Ask Hamilton – The Rogers Theater

Curious Cinephile

(Above) A crowd gathers beneath the marquee on the theater’s opening day in 1951.


Photos Courtesy of the Chattanooga Public Library



Dear Hamilton,

‘Tis the season for Oscar-nominee fodder, which got me thinking about the movie theater scene in Chattanooga. I heard that the Rogers Theater downtown used to be a local landmark, but today there’s no trace of it. What’s the story there? 


Curious Cinephile



Rodgers Theater Marquee

Workers put the finishing touches on the front of the theater prior to the grand opening.



Dear Curious Cinephile,

Believe it or not, there used to be three big theaters downtown at mid-century – the Tivoli, which still stands and operates today; the Martin, which was demolished in 1979; and the Rogers, whose tenure ran from the 1950s to the 1980s. The Rogers was bulldozed in 1980 after lying empty for half a decade, and EPB now takes up the block where it once stood. However, prior to closing its doors, the Rogers Theater was touted as a jewel of the city and saw countless moviegoers walk through its doors throughout the years. 

Plans to build the Rogers Theater were announced in 1948. Though there were other theaters currently operating in the city, the population of Chattanooga was growing, and the Eastenn Theaters company advertised their newest addition as an upscale and ultra-modern movie house that would draw in visitors from across the city. The Rogers Theater got its name from Emmett R. Rogers, the city manager for Eastenn Theaters, who’d previously served as the first manager for the Tivoli Theatre. Rogers had been responsible for innovating theater spaces across the region; some of his additions included lobbies lavishly decorated with art, ushers, and theater pipe organs. 


commercial film projectors at the Rogers Theater

An employee adjusts one of the theater’s commercial film projectors. 


Three years after plans for the Rogers were announced, the theater opened its doors to the public on March 2, 1951, and the response was enthusiastic – the line to get in extended from the entrance to wrap around the block. With over 1,200 seats and marquees on both Market and Broad Streets, the Rogers Theater premiered as one of the finest state-of-the-art theaters in the region. The theater’s inaugural screening was of the film Three Guys Named Mike, which was met with middling-to-poor reviews and can now be viewed for free via public domain, for anyone curious about it. Over the years, the theater would go on to show not only the best of Hollywood’s offerings, such as the record-breaking Ben-Hur, but also provide viewers with the opportunity to travel the world from their theater seats by showing “travelogues,” which documented travels and tourist experiences abroad.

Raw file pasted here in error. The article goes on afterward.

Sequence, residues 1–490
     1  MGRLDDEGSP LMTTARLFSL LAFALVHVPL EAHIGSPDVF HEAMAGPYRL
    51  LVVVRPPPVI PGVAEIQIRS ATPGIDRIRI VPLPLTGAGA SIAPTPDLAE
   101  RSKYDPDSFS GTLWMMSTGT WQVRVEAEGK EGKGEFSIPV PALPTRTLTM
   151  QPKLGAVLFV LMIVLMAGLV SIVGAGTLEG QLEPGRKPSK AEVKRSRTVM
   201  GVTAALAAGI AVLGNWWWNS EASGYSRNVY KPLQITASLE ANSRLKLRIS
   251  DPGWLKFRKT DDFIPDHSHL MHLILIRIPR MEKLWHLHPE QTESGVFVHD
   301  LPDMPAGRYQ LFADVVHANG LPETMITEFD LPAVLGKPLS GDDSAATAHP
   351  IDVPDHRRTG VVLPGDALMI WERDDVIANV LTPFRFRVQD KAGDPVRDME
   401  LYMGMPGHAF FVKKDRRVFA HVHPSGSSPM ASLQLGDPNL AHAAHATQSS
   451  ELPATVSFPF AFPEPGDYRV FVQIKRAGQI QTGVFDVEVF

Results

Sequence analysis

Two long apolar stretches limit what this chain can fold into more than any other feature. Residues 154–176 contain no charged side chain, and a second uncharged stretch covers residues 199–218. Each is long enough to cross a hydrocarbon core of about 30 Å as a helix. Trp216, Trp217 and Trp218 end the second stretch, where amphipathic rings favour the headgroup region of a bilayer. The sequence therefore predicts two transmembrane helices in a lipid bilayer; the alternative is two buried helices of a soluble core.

Rogers Theater showing Ben-Hur in 1960

Moviegoers flock to an evening showing of blockbuster Ben-Hur in 1960. (Photo Courtesy of The Chattanooga Free Press Archives via


By the late ‘60s, the Rogers needed a little facelift, and the newly renovated theater reopened in 1969 with a showing of Midnight Cowboy. Unfortunately, the theater began to fall into disrepair once more in the following years. In 1975, firefighters responded to a fire caused by the popcorn machines, and though there was no serious damage, the theater still closed its doors in the fall of the same year. It was demolished by the city five years later – Chattanooga’s premier movie house of its day was no more.


Tivoli Theater

The Tivoli Theatre – which is still operational today – advertises a Chattanooga Symphony performance in November of 1977.


While it’s always sad to lose what could have been a landmark historic theater, don’t despair quite yet! The Tivoli Theatre, just a few blocks over from where the Rogers once stood, is currently celebrating its centennial anniversary and is very much still open for business – don’t hesitate to give it a visit. 

Hope this helps!

Hamilton Bush

Resident History Hound

Chattanooga, Tennessee


The Martin Theater

The Martin Theater – another one of Chattanooga’s now-demolished movie houses – lights up the street in 1967. 

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